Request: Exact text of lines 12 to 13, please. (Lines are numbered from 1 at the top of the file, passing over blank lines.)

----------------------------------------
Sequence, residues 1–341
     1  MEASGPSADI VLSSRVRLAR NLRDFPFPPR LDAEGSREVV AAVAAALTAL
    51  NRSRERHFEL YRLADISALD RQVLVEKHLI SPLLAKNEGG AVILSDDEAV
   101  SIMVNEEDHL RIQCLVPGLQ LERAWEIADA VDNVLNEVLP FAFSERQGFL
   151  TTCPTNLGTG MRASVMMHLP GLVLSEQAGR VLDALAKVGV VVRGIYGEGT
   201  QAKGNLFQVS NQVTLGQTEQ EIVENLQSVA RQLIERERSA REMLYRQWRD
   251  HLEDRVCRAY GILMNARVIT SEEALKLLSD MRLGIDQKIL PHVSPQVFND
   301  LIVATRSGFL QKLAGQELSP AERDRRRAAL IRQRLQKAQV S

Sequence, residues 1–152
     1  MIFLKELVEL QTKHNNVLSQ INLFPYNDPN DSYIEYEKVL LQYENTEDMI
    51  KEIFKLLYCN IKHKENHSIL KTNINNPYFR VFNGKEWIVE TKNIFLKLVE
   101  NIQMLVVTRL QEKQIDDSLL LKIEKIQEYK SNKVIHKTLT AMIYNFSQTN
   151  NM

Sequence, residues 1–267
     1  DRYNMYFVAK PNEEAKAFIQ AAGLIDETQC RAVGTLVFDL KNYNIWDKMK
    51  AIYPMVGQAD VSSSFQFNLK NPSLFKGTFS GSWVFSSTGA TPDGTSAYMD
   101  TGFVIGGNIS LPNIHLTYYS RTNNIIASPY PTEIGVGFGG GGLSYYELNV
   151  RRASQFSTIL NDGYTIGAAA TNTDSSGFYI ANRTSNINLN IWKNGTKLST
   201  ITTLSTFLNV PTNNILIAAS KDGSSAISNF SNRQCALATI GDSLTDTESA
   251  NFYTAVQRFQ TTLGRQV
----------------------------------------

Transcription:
   101  NIQMLVVTRL QEKQIDDSLL LKIEKIQEYK SNKVIHKTLT AMIYNFSQTN
   151  NM